Tag Archives: Women in Tech

role models

The power of non-linear role models

The world around us is undergoing rapid transformation by people finding innovative ways to use information and technology to better serve our needs. At the heart of these disruptive innovations are people with deep groundings in science, technology, engineering and maths – the STEM disciplines.

Critically, the number of kids studying subjects in school that lead to STEM courses is decreasing. According the Australian Bureau of Statistics only 29% of STEM graduates are women, and in the key disciplines of IT and engineering this falls to 14%. Low enrolment numbers for women in STEM have been a consistent factor since I was an undergraduate in engineering.

Today, Australia competes in the global race for innovative ideas with only half the team – the male half. If we are to develop new industries that move us beyond Australia’s traditional industries and allow us to be globally competitive, we have to change.

For a start, we have to help our kids, and in particular our girls, understand the wealth of opportunities open to them with a STEM foundation. We need to address any perceived or real bias in our high school exam systems and marking arrangements that discourage kids from taking up studies in maths and science. With the highly competitive nature of the results from high school assessments, we need to work to change views that taking STEM subjects could lead to any disadvantage.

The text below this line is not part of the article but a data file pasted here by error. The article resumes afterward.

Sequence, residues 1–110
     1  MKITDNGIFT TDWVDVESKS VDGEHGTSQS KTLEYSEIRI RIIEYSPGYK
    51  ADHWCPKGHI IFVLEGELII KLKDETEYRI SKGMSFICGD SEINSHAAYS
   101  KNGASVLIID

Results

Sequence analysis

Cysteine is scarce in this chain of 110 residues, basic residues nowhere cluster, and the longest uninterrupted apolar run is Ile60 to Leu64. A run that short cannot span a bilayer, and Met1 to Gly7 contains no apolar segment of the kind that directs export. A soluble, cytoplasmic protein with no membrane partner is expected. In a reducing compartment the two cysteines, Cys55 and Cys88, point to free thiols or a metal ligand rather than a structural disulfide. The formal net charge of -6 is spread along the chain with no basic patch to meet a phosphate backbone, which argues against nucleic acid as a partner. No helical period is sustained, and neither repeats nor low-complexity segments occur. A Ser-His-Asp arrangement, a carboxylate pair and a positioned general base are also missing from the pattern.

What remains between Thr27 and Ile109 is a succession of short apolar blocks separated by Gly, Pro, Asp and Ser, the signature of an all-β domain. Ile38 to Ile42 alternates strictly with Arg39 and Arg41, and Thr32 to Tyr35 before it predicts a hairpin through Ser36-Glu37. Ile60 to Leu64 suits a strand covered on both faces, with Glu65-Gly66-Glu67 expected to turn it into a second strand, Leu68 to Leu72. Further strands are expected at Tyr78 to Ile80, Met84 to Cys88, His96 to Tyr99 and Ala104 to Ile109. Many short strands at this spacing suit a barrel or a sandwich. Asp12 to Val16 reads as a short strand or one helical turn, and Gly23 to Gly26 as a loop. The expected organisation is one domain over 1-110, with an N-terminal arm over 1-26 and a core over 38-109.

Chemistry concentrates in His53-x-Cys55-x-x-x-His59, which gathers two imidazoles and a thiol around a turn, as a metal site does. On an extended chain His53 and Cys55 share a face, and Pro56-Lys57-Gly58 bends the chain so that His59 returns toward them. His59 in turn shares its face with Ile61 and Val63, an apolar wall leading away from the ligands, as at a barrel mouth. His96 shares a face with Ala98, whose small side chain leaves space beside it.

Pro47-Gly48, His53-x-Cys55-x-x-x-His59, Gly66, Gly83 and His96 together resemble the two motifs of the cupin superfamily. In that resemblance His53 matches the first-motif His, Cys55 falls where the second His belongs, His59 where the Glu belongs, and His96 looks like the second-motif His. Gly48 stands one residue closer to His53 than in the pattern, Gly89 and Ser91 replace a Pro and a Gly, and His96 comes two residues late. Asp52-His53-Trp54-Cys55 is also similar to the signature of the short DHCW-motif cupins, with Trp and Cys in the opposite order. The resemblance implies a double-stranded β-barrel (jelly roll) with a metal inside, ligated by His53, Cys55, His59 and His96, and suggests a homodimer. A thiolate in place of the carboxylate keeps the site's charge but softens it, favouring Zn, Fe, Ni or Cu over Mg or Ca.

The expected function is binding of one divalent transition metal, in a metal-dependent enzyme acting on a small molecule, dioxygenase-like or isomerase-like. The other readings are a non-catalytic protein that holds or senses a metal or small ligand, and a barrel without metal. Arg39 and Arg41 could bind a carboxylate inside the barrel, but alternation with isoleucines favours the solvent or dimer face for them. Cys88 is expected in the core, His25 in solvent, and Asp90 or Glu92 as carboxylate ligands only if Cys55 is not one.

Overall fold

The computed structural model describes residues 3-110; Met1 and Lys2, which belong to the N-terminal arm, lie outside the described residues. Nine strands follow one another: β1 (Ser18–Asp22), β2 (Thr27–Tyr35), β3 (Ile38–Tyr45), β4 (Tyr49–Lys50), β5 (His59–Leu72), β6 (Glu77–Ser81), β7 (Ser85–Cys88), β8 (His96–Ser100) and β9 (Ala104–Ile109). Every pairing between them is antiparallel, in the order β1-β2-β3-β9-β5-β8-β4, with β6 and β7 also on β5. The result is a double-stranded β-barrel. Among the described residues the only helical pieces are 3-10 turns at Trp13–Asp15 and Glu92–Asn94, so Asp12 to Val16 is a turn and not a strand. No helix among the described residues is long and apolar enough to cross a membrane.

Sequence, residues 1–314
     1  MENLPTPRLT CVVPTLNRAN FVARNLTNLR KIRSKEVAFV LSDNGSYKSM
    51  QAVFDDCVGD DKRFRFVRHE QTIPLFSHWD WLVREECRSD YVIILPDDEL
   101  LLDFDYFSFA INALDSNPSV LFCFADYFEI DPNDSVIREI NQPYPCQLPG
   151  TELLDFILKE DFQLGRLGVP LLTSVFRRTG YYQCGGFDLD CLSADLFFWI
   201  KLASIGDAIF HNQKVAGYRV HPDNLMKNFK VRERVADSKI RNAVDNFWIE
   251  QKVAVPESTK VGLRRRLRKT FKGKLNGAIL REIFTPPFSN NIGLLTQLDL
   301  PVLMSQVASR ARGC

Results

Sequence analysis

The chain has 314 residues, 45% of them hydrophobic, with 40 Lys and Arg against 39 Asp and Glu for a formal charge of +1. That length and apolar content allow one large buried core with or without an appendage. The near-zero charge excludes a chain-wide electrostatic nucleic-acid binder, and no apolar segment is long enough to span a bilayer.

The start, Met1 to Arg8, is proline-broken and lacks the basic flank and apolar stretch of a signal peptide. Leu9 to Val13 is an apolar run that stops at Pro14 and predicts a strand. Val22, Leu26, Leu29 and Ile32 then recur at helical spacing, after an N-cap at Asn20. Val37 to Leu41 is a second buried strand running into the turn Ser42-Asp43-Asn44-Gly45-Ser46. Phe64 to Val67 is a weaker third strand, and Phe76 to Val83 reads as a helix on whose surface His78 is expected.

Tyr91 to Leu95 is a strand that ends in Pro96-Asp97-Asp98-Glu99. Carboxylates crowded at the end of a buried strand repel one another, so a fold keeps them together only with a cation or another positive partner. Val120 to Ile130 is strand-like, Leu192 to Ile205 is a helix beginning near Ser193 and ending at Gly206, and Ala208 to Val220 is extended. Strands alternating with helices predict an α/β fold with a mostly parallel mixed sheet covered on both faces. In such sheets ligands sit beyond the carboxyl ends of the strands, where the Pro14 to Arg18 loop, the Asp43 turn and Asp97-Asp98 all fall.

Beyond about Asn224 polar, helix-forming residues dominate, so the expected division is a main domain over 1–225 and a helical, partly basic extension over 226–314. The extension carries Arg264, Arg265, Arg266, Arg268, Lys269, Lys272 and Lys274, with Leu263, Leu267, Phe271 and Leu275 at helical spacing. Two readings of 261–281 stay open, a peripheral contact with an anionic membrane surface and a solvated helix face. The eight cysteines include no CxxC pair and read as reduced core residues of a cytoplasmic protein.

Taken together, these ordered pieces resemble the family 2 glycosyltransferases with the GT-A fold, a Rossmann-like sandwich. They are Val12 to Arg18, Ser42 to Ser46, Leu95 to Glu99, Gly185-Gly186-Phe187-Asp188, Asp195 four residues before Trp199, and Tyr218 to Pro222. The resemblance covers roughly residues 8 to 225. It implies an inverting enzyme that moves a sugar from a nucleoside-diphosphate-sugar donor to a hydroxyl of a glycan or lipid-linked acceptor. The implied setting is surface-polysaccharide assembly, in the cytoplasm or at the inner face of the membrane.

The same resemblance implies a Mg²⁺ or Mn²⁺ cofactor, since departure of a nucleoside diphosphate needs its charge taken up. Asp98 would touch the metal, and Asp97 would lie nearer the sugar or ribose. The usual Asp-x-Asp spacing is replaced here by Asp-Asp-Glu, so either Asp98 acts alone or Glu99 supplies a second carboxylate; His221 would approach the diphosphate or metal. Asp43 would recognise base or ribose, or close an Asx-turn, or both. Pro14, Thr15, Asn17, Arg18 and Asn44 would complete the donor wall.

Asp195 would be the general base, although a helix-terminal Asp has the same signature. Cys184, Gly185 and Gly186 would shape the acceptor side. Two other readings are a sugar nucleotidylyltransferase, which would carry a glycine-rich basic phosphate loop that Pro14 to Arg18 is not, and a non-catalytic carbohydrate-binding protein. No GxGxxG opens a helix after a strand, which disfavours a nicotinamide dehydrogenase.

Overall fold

We also have to recognise – as a positive – the fact that many STEM graduates will work in roles outside of the classical STEM disciplines. These are role models for a future in which interdisciplinary graduates are able to contribute to the transformation of traditional industries such as the finance, automotive and healthcare sectors.

In an effort to stimulate interest in STEM early on in schooling, Macquarie University runs the FIRST Robotics program in Australia for children in years K–12, with key sponsorship by Google and Ford. This program gives all participants a chance to work as teams that bring together mechanics, electronics, information processing, design and software development skills to build robots and compete with them.

This is an example of how we can not only inspire school students’ interest in STEM, but create pathways for them to pursue these fields into further study, careers, and entrepreneurship in a variety of areas. Today the program involves 5000 kids from 600 schools, and the total numbers of participants across Australia is rapidly growing.

Having stimulated interest at school, we need examples at universities and in the workplace that highlight the important roles that women with STEM backgrounds occupy. This is vital to improving the pull of women through universities and into industries where they are able to make meaningful contributions.

At Macquarie University, we are actively focused on building women’s participation in world-leading research programs through the Science in Australia Gender Equality (SAGE) program. We are able to celebrate the achievements of our world-leading female researchers, including role models such as Macquarie University’s Professor Ewa Goldys (recent winner of a Eureka Award) and Professor Nicki Packer.